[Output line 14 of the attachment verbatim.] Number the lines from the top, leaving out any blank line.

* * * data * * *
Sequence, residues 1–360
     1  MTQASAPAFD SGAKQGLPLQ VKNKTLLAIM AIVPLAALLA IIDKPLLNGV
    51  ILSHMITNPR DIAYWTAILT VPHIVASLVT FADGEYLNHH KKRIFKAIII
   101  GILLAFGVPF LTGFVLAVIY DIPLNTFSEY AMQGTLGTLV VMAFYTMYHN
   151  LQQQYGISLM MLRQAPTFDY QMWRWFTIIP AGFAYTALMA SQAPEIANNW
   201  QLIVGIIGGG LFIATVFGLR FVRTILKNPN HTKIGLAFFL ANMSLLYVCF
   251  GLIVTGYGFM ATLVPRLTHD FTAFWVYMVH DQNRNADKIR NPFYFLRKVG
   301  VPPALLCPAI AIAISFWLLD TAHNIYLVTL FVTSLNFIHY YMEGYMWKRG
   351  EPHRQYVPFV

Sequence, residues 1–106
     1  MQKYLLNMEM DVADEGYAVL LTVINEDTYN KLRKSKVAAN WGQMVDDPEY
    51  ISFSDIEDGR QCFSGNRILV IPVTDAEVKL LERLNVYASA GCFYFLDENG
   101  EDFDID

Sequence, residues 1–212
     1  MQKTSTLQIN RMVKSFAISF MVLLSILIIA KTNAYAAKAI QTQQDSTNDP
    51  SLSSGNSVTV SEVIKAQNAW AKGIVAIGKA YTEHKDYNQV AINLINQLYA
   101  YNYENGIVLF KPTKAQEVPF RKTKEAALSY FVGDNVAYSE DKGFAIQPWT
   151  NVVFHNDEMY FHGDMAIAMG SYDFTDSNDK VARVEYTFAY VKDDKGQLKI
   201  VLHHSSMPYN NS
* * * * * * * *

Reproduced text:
Sequence, residues 1–212